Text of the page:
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That Extra Letter In The Title Of Bill McKibben's Must-Read 'Eaarth' Says We No Longer Live On The Planet We Grew Up On

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If you want to debate whether global warming is real, or, if it's real, whether it's a natural phenomenon or something we did, or if "drill, baby, drill" can bring cheap energy back to America or whether depleting the earth's resources is a good thing because it brings on the End Times --- there are many places on the Internet you can go to have those conversations.

This is not one of those places.

Just the spelling of the title of Bill McKibben's terrifying, lacerating and modestly hopeful Eaarth: Making a Life on a Tough New Planet --- the most important book you can read this year, and yes, I know, it's only April --- signals that we are, in his view, beyond all those conversations.

Bill McKibben is the dean of environmental writers, and there's a good reason for that --- in The End of Nature, published in 1989, he was the first to use the term "global warming." A few years ago, in Deep Economy, he was among the first to write that an economy built on growth was not sustainable and that we needed to scale down and strengthen our ties to our local communities. Not happy messages, but we pay attention because he is a serious thinker, a stellar reporter and a writer who can make even statistics interesting.

A great communicator takes complexity and makes it clear for the layman. Like this: Global warming has reached a stage that we no longer are living on the same planet we grew up on. Let McKibben explain:

Global warming is no longer a philosophical threat, no longer a future threat, no longer a threat at all. It's our reality. We've changed the planet, changed it in large and fundamental ways. And these changes are far, far more evident in the toughest parts of the globe, where climate change is already wrecking thousands of lives daily. In July 2009, Oxfam released an epic report, "Suffering the Science," which concluded that even if we now adapted "the smartest possible curbs" on carbon emissions, "the prospects are very bleak for hundreds of millions of people, most of them among the world's poorest."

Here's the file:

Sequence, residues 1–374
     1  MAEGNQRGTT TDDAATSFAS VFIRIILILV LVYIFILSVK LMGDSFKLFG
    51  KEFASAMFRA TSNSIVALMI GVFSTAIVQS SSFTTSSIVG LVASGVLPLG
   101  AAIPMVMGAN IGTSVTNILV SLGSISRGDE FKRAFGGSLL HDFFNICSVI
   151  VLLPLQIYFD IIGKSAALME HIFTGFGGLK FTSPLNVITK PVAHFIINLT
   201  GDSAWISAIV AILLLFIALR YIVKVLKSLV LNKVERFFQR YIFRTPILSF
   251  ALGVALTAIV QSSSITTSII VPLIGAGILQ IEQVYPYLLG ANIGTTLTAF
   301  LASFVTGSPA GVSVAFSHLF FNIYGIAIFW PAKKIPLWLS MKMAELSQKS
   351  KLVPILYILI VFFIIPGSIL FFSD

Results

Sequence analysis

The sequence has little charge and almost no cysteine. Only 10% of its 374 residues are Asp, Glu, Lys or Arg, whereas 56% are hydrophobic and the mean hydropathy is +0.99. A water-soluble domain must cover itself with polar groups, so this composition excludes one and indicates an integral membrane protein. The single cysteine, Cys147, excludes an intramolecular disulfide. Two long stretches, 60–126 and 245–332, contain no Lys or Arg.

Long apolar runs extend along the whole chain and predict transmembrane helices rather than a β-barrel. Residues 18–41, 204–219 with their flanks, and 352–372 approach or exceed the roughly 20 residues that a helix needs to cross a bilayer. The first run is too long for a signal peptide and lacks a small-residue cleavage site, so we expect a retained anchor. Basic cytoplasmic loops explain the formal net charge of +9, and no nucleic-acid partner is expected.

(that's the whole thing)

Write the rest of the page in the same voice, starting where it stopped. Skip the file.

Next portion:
In the first part of this book, McKibben explains how we got here --- that is, how we blew past an atmosphere with less than 350 parts per million carbon dioxide, and what happens now that we're at 390, and what will happen if we don't get back to 350, and fast. And how unlucky it is for us that we're starting to run short of fossil fuel ("Simply running in place would mean finding four new Saudi Arabias by 2030") just as we've dangerously destabilized the planet.

The pols talk about making the planet "safer for our grandchildren." As soon as they talk generations down the line, you can stop listening to them, McKibben says. They don't get it. We don't have that kind of time. We've got to wean ourselves from our obsession with growth, and pronto: "If don't stop pouring more carbon into the atmosphere, the temperature will simply keep rising, right past the point where any kind of adaptation will prove impossible."

This isn't going to happen. Wall Street lives on the Gospel of Growth, and the government tags along. And as for public consciousness --- well, "44 percent of Americans believe that global warming comes from 'long-term planetary trends' and not the pumps at the Exxon station." So, as a civilization, we'll deal with this at 11:59.

Bill McKibben is not a doomsday prophet. He sees hope. In "Deep Economy," he noted that the fastest growing sector in food marketing is the farmer's market. Now he sees localization of much more than food production as key to our survival. Because smart people are simply not going to sit back and wait for their lawns to flood, their roofs to blow off and their kids to die of skin cancer.

212 pages. An evening of your life. If you're interested in saving it, make time.

[Cross-posted from]